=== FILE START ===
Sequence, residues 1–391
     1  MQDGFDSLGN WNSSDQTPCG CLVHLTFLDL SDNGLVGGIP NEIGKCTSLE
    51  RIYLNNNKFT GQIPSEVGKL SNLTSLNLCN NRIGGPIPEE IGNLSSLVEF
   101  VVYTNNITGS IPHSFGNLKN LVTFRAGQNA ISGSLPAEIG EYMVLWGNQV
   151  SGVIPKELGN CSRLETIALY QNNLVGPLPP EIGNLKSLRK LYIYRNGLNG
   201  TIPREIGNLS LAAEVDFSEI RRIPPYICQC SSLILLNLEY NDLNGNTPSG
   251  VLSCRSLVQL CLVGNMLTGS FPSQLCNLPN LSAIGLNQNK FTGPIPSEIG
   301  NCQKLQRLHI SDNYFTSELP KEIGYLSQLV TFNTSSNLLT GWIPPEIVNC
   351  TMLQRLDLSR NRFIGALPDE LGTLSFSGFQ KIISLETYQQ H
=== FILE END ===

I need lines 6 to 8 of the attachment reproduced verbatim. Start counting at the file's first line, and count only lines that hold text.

   201  TIPREIGNLS LAAEVDFSEI RRIPPYICQC SSLILLNLEY NDLNGNTPSG
   251  VLSCRSLVQL CLVGNMLTGS FPSQLCNLPN LSAIGLNQNK FTGPIPSEIG
   301  NCQKLQRLHI SDNYFTSELP KEIGYLSQLV TFNTSSNLLT GWIPPEIVNC